Stone was also the only Justice to have died during an open session of the Court, suffering a fatal stroke in 1946 while delivering a dissent which related to the revocation of a religious discrimination law. By today's standards he would be rated as a middle-of-the-road jurist, not actually among the more liberal...

∑;)

jae 10:50 AM  

Nice 4th puzzle but very easy. Got JPS with zero crosses. My A to Z Crossword Dictionary has worst among the words under defeat. Enjoy the holiday!

Joon 10:54 AM  

that's a new definition of WORST for me. that means you could use WORST and BEST as clues for each other. how deliciously evil.

i didn't think the theme was scattershot. the three USAs were symmetrically placed. the only things that were semi-random were the clues that referenced america in some way, but those weren't really theme answers. just fill with interesting clues.

a friend of mine worked at NASA ames for a summer. i believe his dad still works there.

i actually found this puzzle very tuesday-level, and tuesday's puzzle is still my slowest for the week. so overall the week went monday, wednesday, tuesday, tuesday, tuesday. is it the 4th of july, or groundhog day?

Norm 10:58 AM  

If you are defeated, you have been worsted. Not commonly used in the active voice perhaps, but valid. Lovely puzzle. Brought back memories of watching the Marine Corps band at the parade ground with my dad. Rest in peace, Colonel.

Bill from NJ 11:00 AM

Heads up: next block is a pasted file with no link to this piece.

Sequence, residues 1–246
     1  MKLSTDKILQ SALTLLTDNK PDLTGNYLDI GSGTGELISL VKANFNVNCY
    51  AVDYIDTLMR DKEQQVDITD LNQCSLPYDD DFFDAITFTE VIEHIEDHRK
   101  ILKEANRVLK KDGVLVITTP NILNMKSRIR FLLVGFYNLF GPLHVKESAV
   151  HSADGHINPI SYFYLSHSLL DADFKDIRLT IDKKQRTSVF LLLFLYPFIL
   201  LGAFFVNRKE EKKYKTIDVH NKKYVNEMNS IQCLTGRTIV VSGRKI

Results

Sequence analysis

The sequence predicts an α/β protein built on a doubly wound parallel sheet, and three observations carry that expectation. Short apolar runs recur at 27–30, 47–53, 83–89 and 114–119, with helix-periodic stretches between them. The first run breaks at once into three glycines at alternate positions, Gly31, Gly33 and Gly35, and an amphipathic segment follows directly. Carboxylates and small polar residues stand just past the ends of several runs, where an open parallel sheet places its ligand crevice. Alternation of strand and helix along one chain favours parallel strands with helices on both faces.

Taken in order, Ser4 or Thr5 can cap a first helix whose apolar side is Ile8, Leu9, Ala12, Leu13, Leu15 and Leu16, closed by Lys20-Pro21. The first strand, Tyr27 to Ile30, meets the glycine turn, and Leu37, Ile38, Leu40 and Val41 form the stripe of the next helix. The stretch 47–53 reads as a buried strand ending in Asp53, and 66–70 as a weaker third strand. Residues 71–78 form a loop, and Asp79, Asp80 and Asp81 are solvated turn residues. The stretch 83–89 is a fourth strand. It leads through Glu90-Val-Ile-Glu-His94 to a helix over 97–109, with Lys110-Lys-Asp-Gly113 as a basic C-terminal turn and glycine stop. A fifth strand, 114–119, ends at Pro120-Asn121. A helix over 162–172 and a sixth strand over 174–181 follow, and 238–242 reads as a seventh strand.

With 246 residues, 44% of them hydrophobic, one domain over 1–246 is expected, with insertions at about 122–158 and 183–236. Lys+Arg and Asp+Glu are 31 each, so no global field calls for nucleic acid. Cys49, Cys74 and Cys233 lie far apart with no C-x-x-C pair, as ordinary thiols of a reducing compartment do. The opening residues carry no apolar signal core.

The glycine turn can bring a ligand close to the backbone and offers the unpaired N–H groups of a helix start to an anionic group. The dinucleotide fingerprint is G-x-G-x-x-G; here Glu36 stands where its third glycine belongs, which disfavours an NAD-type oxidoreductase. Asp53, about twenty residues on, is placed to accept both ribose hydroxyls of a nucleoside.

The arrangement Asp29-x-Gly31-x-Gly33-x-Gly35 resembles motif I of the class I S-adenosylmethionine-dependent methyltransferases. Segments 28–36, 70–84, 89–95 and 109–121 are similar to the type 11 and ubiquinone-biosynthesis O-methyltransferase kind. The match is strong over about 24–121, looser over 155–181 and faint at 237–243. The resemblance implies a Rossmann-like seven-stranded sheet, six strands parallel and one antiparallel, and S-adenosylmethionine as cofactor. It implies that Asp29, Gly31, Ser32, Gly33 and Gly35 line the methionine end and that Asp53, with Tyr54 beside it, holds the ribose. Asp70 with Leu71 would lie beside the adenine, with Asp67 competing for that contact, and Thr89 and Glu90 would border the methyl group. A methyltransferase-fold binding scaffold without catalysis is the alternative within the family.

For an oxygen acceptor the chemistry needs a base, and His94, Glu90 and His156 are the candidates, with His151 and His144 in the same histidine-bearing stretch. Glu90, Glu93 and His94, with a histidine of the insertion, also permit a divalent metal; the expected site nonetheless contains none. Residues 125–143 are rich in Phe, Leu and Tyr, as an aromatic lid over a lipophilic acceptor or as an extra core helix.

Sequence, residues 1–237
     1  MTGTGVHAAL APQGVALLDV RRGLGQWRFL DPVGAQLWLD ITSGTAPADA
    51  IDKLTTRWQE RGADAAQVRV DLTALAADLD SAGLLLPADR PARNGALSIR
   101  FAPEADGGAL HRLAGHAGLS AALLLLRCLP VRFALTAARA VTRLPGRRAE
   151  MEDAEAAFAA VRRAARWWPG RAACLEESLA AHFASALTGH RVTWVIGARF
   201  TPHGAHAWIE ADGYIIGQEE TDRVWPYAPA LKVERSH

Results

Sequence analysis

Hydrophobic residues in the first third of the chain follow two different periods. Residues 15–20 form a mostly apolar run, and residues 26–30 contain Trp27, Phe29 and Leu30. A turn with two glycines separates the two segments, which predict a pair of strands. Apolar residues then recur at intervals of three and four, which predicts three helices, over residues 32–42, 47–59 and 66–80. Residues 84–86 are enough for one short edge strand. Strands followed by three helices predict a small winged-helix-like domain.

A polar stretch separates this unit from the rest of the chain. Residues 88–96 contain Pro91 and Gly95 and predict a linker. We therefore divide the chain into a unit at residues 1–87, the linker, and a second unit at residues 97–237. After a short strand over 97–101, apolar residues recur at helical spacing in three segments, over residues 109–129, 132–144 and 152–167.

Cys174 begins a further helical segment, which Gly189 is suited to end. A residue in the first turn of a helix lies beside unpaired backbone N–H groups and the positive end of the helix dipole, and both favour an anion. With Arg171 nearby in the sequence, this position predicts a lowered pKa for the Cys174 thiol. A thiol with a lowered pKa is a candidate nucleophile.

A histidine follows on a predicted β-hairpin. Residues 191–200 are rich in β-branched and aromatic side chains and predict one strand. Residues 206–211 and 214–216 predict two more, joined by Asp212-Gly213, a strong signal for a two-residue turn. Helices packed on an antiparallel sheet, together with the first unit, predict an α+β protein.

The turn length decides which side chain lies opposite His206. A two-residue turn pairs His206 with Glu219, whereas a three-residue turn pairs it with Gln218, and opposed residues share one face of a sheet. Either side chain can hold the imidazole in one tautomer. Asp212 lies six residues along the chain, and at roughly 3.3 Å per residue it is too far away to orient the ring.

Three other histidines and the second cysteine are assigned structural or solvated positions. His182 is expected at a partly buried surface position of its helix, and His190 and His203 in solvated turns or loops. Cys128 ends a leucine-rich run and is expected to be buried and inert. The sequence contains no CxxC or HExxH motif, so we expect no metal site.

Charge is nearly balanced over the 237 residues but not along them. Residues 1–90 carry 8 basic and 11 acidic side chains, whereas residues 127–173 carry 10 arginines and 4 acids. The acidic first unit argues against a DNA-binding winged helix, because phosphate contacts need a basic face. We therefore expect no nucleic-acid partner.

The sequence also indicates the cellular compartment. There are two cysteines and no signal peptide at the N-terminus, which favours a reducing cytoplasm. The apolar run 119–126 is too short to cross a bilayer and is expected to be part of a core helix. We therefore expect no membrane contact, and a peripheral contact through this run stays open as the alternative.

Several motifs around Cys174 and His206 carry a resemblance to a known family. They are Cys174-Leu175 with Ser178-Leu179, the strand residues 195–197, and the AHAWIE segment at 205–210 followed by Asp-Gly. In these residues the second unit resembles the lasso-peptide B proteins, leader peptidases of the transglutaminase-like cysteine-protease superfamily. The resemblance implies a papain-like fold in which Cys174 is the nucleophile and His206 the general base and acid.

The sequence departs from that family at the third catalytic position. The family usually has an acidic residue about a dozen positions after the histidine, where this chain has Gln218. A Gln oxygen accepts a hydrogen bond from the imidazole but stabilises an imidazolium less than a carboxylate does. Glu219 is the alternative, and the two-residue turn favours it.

My grandfather had a lot of 78s of John Phillip Sousa and when we visited him every 4th of July, he dusted them off and we listened to The March King all day long so I knew quite a bit about this defendant going in.

Recently, I had to replace my turntable in order to play these dinosaurs and found a really nice one at a thrift shop.

I know it would be a lot easier to burn CDs of these old records but there is something about the tinny sound of an old record that reminds me of The Good Old Days and my grandfather.

I guess because the 4th falls on a Firday, this is why we don't have a typical Friday puzzle although I had some trouble in the NW as I had BLASS at 1A which was confirmed by LOOM SHRIMP as crossings. Holes in my education prevented me from getting ID so my error presisted for a while. I had no such hole involving 19th century French painters so I got both Gauguin clues.

All in all, I enjoyed this puzzle because of the memories invoked.